DE112011100143B4 - Optimize electrical power consumption in a data center - Google Patents

Optimize electrical power consumption in a data center

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Publication number
DE112011100143B4
DE112011100143B4 DE112011100143.6T DE112011100143T DE112011100143B4 DE 112011100143 B4 DE112011100143 B4 DE 112011100143B4 DE 112011100143 T DE112011100143 T DE 112011100143T DE 112011100143 B4 DE112011100143 B4 DE 112011100143B4
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Prior art keywords
workload
data center
corresponding
unit
power consumption
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DE112011100143.6T
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German (de)
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DE112011100143T5 (en
Inventor
Nagapramod Mandagere
Seshashayee Sankarshana Murthy
Pin Zhou
Sandeep Madhav Uttamchandani
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International Business Machines Corp
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International Business Machines Corp
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Priority to US12/713,776 priority Critical patent/US8489745B2/en
Priority to US12/713,776 priority
Application filed by International Business Machines Corp filed Critical International Business Machines Corp
Priority to PCT/EP2011/051751 priority patent/WO2011104108A1/en
Publication of DE112011100143T5 publication Critical patent/DE112011100143T5/en
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    • GPHYSICS
    • G06COMPUTING; CALCULATING; COUNTING
    • G06FELECTRIC DIGITAL DATA PROCESSING
    • G06F1/00Details not covered by groups G06F3/00 – G06F13/00 and G06F21/00
    • G06F1/26Power supply means, e.g. regulation thereof
    • G06F1/32Means for saving power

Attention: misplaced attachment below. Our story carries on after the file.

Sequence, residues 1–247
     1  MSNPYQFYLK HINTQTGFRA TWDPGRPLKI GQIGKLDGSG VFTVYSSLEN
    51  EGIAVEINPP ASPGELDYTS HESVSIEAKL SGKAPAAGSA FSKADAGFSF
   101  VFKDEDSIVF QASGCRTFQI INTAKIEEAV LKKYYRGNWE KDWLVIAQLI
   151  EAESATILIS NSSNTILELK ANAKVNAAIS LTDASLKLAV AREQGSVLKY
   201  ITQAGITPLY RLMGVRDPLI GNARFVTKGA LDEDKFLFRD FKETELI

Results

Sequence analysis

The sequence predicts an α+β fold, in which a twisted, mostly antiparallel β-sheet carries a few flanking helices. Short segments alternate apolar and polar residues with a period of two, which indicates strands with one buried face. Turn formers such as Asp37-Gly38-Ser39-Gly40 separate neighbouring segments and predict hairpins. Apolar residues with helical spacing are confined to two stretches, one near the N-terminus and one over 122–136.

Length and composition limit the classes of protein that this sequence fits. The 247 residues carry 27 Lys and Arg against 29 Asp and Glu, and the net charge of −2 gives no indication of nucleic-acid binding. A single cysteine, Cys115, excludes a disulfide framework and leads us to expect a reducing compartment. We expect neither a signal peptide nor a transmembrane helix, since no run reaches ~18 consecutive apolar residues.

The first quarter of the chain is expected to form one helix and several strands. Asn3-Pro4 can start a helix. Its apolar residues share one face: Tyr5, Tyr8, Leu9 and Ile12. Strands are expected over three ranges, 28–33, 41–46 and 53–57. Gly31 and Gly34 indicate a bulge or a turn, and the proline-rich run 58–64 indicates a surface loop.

• G06F1/3203Power management, i.e. event-based initiation of power-saving mode
    • G06F1/3234Power saving characterised by the action undertaken
    • G06F1/329Power saving characterised by the action undertaken by task scheduling
    • GPHYSICS
    • G06COMPUTING; CALCULATING; COUNTING
    • G06FELECTRIC DIGITAL DATA PROCESSING
    • G06F1/00Details not covered by groups G06F3/00 – G06F13/00 and G06F21/00
    • G06F1/26Power supply means, e.g. regulation thereof
    • GPHYSICS
    • G06COMPUTING; CALCULATING; COUNTING
    • G06FELECTRIC DIGITAL DATA PROCESSING
    • G06F1/00Details not covered by groups G06F3/00 – G06F13/00 and G06F21/00
    • G06F1/26Power supply means, e.g. regulation thereof
    • G06F1/32Means for saving power
    • G06F1/3203Power management, i.e. event-based initiation of power-saving mode
    • GPHYSICS
    • G06COMPUTING; CALCULATING; COUNTING
    • G06FELECTRIC DIGITAL DATA PROCESSING
    • G06F9/00Arrangements for program control, e.g. control units
    • G06F9/06Arrangements for program control, e.g. control units using stored programs, i.e. using an internal store of processing equipment to receive or retain programs
    • G06F9/46Multiprogramming arrangements
    • G06F9/50Allocation of resources, e.g. of the central processing unit [CPU]
    • G06F9/5083Techniques for rebalancing the load in a distributed system
    • G06F9/5088Techniques for rebalancing the load in a distributed system involving task migration
    • GPHYSICS
    • G06COMPUTING; CALCULATING; COUNTING
    • G06FELECTRIC DIGITAL DATA PROCESSING
    • G06F9/00Arrangements for program control, e.g. control units
    • G06F9/06Arrangements for program control, e.g. control units using stored programs, i.e. using an internal store of processing equipment to receive or retain programs
    • G06F9/46Multiprogramming arrangements
    • G06F9/50Allocation of resources, e.g. of the central processing unit [CPU]